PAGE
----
Zwartendijk solved the Curacao problem by engaging in a little creative editing. Instead of issuing the standard stamp that said, “No visa is necessary forCuracao. The governor has exclusive authority to issue landing permits to foreigners” — as he was supposed to do — he shortened the text to: “No visa is necessary for Curacao.”

But the boys still needed a transit visa to travel through Japan. Since they knew that the Ganor family was friendly with the Japanese consul-general, they went to Solly’s home for help.

 “My father agreed to help the two boys, and he thought maybe we would get a visa for ourselves as well. We all went to the consulate — me, my father, and Rosenblatt — with those two boys. Sugihara, who knew Zwartendijk, said, ‘That’s it. That’s the end visa that we can use.’ Then he telephoned a Russian official to make sure that the Russians would issue an exit visa.”

There was one last stumbling block. Sugihara had the stamp to issue a transit visa, but to actually issue the visa he needed permission from his bosses back inJapan. He sent a wire to the Foreign Ministry office in Tokyo requesting their approval. The reply was quick in coming:

 

CONCERNING TRANSIT VISAS REQUESTED PREVIOUSLY STOP ADVISE ABSOLUTELY NOT TO BE ISSUED ANY TRAVELER NOT HOLDING FIRM END VISA WITH GUARANTEED DEPARTURE EX JAPAN STOP NO EXCEPTIONS STOP NO FURTHER INQUIRIES EXPECTED STOP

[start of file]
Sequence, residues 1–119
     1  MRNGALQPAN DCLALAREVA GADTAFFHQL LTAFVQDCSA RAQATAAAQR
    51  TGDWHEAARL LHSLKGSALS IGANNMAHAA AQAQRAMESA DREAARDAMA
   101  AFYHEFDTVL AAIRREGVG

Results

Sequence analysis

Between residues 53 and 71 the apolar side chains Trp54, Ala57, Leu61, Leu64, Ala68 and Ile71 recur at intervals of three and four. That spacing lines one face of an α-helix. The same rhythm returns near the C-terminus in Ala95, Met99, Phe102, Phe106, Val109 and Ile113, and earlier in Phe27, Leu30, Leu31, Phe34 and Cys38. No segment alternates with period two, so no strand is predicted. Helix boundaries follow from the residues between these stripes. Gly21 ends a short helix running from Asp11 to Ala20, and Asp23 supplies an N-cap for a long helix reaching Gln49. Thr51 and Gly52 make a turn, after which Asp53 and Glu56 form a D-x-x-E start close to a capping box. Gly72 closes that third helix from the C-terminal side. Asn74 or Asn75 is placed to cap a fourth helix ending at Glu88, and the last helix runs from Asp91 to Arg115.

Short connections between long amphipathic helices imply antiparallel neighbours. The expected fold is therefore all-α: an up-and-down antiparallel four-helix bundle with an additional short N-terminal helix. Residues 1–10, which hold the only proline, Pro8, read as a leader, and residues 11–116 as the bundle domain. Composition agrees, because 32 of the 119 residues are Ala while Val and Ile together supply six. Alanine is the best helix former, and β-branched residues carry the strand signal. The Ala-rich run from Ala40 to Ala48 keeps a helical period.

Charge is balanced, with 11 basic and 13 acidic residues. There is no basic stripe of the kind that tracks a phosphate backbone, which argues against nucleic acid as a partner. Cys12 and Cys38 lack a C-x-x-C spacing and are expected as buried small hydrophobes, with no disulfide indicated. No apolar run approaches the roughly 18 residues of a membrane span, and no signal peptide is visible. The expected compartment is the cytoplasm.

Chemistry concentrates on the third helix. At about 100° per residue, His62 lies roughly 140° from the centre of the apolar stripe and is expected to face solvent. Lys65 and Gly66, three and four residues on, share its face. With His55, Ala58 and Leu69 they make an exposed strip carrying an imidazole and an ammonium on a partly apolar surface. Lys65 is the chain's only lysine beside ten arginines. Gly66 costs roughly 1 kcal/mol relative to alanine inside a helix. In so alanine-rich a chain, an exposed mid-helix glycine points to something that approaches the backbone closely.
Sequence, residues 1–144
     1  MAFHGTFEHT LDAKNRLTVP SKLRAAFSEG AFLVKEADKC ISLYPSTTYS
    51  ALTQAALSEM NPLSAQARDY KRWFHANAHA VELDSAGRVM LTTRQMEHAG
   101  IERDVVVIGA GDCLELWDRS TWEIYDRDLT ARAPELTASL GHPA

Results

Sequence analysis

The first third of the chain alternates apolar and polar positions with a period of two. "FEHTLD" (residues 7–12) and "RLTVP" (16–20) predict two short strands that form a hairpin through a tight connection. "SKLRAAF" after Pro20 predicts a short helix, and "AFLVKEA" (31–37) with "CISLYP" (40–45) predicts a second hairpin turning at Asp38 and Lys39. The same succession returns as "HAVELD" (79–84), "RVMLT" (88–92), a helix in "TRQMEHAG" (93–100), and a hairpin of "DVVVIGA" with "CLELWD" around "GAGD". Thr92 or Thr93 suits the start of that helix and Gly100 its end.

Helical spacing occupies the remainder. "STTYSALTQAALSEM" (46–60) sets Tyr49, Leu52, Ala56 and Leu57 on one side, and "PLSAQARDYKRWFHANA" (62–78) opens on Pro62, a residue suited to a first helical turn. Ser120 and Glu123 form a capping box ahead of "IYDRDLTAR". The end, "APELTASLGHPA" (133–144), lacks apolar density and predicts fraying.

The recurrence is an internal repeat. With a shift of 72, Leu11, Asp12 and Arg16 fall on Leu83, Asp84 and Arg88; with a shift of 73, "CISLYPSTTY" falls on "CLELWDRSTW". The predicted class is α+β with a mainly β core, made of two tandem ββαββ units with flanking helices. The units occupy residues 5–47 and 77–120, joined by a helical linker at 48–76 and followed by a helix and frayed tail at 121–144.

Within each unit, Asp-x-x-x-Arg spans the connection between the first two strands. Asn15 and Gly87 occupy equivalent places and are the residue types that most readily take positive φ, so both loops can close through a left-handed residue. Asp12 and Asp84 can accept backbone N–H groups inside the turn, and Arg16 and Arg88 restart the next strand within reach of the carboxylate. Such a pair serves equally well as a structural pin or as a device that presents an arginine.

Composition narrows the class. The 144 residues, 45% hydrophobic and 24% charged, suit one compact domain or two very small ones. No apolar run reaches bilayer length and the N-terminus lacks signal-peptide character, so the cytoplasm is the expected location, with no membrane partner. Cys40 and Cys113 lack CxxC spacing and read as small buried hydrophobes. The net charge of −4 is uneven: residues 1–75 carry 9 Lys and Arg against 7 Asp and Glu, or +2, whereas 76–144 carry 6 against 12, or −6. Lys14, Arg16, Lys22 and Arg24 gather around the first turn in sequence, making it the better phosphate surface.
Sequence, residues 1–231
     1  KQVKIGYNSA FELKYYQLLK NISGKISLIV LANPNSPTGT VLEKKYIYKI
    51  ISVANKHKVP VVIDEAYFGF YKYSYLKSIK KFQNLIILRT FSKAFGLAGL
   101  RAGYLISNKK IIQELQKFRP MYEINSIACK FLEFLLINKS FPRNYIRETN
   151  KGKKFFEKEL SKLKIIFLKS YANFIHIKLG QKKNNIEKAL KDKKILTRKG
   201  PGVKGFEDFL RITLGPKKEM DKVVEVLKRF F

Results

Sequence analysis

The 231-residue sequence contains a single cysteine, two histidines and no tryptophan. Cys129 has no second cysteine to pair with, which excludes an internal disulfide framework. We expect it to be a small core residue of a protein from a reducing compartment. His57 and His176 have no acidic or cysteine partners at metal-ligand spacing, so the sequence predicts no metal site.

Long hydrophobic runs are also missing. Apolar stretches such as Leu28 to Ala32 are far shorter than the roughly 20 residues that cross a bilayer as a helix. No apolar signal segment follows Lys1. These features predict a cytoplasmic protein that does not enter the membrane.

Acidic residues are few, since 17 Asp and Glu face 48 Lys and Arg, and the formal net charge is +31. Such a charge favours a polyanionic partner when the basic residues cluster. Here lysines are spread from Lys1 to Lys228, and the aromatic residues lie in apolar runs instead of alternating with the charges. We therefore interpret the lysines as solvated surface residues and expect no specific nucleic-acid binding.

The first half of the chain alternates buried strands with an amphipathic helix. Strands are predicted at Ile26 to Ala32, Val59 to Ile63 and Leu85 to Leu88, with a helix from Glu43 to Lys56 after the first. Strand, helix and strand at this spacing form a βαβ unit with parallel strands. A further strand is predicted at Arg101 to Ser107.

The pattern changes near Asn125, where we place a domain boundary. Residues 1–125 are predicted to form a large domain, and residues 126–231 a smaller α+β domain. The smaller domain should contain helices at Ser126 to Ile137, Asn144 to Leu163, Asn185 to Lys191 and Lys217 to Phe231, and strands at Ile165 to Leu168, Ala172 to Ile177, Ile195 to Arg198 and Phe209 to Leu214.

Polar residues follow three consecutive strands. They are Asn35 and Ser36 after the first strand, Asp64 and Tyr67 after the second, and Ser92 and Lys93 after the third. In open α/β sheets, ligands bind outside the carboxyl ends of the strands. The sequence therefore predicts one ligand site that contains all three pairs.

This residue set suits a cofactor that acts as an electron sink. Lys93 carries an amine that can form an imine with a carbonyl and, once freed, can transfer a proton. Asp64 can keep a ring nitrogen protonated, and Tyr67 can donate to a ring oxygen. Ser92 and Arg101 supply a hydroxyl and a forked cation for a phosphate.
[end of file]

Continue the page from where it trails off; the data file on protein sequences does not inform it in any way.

(SIGNED) K TANAKA FOREIGN MINISTRYTOKYO

 

Despite the warning not to inquire further, Sugihara wired the Foreign Ministry two more times. The second time he got the same answer. The third time Tokyo didn’t reply. Sugihara therefore found himself in a profound moral dilemma. On the one hand, discipline and obedience to authority are deeply engrained within Japanese culture. On the other hand, Sugihara came from a samurai family — the samurais were the military nobility of pre-industrial Japan — and an integral part of the samurai code of honor was to help those in need. Which part of his cultural upbringing would win?

To decide, Sugihara consulted with his wife. They discussed the immediate danger to their own safety and that of their children, as well as the probable negative future consequences to Sugihara’s career. Then they went to work.